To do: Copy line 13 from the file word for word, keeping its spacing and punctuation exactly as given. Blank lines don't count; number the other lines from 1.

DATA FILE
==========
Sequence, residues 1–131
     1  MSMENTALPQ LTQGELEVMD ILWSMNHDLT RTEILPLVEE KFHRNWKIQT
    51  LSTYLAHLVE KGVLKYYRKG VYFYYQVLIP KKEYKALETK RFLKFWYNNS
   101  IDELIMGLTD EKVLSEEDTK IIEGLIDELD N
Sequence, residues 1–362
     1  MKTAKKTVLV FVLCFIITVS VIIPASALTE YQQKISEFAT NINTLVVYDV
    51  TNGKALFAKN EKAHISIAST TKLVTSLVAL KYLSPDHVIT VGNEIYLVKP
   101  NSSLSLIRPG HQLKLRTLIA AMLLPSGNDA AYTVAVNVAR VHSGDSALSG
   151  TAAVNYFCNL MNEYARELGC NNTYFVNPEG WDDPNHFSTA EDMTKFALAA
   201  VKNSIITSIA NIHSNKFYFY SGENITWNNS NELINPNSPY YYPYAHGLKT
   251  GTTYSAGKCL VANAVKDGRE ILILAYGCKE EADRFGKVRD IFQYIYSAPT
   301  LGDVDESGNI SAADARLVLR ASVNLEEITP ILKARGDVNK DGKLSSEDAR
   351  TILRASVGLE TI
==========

   351  TILRASVGLE TI